It is a fairly well known fact in the business community that the majority of mergers and acquisitions are a failure when it comes to increasing shareholder value, benefiting customers or any of the other metrics that are used to judge the "success" of an acquisition. Whenever you read a news story about some startup being acquired or two large companies merging, there is a greater than 50% chance that the resulting product or company will be of less value to customers and shareholders than if the deal had never happened.

When it comes to software company acquisitions, there are additional factors working against success that go beyond the typical laundry list of reasons that are given for why M&As usually result in failure. With technology company acquisitions not only are there a minefield of people and financial issues that have to be dealt with, there is also the real problem of what to do about technology mismatch that often exists across different companies.

Whenever a large software company acquires a startup, the first order of business is often an attempt to move the startup's application onto the larger company's technology infrastructure so that it can get benefits of "economies of scale" or some other buzzword that is typically a euphemism for "we bought you so now you're our bitches" that is not grounded in business realities. This often requires application rewrites that have the unfortunate consequence of causing the shipped application to stagnate as all efforts are poured into recreating the same application using a different technology. In addition, the founders of the startup typically get frustrated with what they [rightfully] deem as a pointless exercise and eventually move on to greener pastures. There are a number of examples of this that have occurred in the "Web 2.0" space as shown below

From Fred Wilson's post We Need A New Path To Liquidity

So if you can't take a company public, how do you get out? M&A has been the primary answer in the web/tech sector for the past eight years. And it's been a great period to sell companies. We've sold three in the past couple years out of our Union Square Ventures portfolio, delicious, FeedBurner, and TACODA, to Yahoo!, Google, and AOL, respectively. Were we happy to take their money? Yes. Were we happy with the outcome? Yes. Were they good buys for their new owners? On the face of it, yes.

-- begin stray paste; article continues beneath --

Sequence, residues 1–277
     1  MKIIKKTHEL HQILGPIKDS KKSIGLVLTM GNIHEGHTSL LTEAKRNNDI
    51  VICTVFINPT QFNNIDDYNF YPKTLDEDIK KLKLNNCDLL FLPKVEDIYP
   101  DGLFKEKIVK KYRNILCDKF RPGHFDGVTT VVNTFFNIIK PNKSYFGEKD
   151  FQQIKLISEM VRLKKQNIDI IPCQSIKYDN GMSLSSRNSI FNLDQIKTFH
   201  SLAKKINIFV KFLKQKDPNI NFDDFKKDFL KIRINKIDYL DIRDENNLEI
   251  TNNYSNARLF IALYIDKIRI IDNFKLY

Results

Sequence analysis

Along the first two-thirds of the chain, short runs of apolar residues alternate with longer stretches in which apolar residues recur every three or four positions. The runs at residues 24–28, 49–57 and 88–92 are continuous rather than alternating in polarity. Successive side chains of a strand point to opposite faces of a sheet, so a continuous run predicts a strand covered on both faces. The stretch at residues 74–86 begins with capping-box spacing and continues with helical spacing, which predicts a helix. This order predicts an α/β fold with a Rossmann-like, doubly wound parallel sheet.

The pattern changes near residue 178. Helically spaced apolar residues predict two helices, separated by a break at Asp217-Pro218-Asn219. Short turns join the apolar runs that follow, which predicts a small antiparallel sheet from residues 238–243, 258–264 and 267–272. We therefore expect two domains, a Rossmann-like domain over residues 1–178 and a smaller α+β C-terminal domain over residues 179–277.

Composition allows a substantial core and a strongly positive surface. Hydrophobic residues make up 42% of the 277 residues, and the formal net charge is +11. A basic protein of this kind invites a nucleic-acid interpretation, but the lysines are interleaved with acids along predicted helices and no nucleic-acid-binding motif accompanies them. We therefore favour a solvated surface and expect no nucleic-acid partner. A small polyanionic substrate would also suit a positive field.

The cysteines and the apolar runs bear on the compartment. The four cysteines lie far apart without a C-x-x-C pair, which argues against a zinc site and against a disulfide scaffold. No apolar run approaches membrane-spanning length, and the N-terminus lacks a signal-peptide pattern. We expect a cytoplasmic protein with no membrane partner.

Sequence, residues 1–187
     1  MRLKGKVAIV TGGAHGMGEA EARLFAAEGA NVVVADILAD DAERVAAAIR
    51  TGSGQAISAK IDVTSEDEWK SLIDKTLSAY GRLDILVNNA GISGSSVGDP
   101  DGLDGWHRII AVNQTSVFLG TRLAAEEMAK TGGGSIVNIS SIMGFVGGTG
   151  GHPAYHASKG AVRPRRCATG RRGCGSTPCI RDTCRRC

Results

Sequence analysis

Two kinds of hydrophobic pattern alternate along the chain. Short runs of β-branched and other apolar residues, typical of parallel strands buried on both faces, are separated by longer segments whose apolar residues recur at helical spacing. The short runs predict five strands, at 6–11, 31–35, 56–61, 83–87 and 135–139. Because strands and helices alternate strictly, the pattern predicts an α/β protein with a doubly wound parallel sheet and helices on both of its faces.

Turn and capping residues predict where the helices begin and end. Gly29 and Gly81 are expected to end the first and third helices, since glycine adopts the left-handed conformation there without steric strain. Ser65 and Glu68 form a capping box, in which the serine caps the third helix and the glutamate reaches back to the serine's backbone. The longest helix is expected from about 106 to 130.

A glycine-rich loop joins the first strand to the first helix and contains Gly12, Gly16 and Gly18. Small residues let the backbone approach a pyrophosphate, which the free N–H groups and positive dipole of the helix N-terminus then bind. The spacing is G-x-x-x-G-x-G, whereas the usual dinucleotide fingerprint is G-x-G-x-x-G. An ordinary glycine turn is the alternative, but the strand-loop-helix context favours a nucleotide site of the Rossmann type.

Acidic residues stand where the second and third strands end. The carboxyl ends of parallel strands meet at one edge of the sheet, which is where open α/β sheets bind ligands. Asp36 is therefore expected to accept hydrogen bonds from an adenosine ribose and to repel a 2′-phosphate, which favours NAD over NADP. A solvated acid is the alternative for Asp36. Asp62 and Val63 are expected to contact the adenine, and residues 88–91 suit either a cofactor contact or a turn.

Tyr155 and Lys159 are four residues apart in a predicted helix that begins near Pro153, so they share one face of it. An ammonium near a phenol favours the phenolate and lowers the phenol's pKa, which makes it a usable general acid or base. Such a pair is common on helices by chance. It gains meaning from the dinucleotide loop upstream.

But if you look deeper, I wonder. Delicious grew nicely for a while under Yahoo!'s ownership but recently the user base has fallen off pretty dramatically. I double checked this chart in compete and alexa and they all show the dropoff.


Well, what about FeedBurner? Clearly Google has done a good job with that acquisition. Well I am not sure. I don't see any integration between Adwords and FeedBurner yet. I can't buy FeedBurner inventory through Google's text ad interface. I honestly don't see any additional money flowing to me, the publisher of the feed, since the Google acquisition. There's no way to know what the rate of signup by publishers has been since the acquisition, but I wonder if it's increased much.

And TACODA? I know that TACODA had an incredible fourth quarter post the acquisition by AOL, blowing way past the numbers we were projecting in our annual budget. But in the first quarter, AOL fired Curt Viebranz, TACODA's CEO, and many of the top members of the TACODA team are now gone from AOL. Another acquisition messed up.

But who am I to complain? We got paid right? So sit down and shut up.

From Joshua Schachter's comment on "How Yahoo dropped the ball with a pointless 3 year rewrite (from mod_perl to PHP)"

The writer is accidentally correct - we were told that it had to be in PHP to get ops support. Curiously the PHP part didn't take that much time - the majority of the "business logic" is in C++ which took forever and ever to write. I think the open question now is whether the remaining team will be able to innovate or be stuck in complicated codebase hell. 

From Dennis Howlett's article Google Sites - spoiled by usability issues

After 16 months at Google developer’s hands, the outcome is substandard. This is such a pity. In its JotSpot incarnation, it was far from perfect but that didn’t matter because JotSpot was shedding light on a new way of collaborating. Since passing into Google’s hands, the guts have been ripped out and then re-assembled with as much Google ’stuff’ as they could cram in but rushed to completion.